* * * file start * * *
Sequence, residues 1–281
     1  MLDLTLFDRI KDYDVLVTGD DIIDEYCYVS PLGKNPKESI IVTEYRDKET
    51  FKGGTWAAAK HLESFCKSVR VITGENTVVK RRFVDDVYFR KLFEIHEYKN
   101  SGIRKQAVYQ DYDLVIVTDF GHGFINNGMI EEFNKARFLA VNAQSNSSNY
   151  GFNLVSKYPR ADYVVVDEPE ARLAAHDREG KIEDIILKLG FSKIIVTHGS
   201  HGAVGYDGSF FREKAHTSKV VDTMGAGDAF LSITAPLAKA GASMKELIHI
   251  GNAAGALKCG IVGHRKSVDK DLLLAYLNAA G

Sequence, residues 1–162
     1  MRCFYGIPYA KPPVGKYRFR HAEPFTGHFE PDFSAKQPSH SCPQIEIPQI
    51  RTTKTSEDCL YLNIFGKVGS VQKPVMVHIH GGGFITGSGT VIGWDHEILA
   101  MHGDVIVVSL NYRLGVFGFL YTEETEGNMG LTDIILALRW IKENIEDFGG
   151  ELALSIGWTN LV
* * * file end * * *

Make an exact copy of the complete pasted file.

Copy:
Sequence, residues 1–281
     1  MLDLTLFDRI KDYDVLVTGD DIIDEYCYVS PLGKNPKESI IVTEYRDKET
    51  FKGGTWAAAK HLESFCKSVR VITGENTVVK RRFVDDVYFR KLFEIHEYKN
   101  SGIRKQAVYQ DYDLVIVTDF GHGFINNGMI EEFNKARFLA VNAQSNSSNY
   151  GFNLVSKYPR ADYVVVDEPE ARLAAHDREG KIEDIILKLG FSKIIVTHGS
   201  HGAVGYDGSF FREKAHTSKV VDTMGAGDAF LSITAPLAKA GASMKELIHI
   251  GNAAGALKCG IVGHRKSVDK DLLLAYLNAA G

Sequence, residues 1–162
     1  MRCFYGIPYA KPPVGKYRFR HAEPFTGHFE PDFSAKQPSH SCPQIEIPQI
    51  RTTKTSEDCL YLNIFGKVGS VQKPVMVHIH GGGFITGSGT VIGWDHEILA
   101  MHGDVIVVSL NYRLGVFGFL YTEETEGNMG LTDIILALRW IKENIEDFGG
   151  ELALSIGWTN LV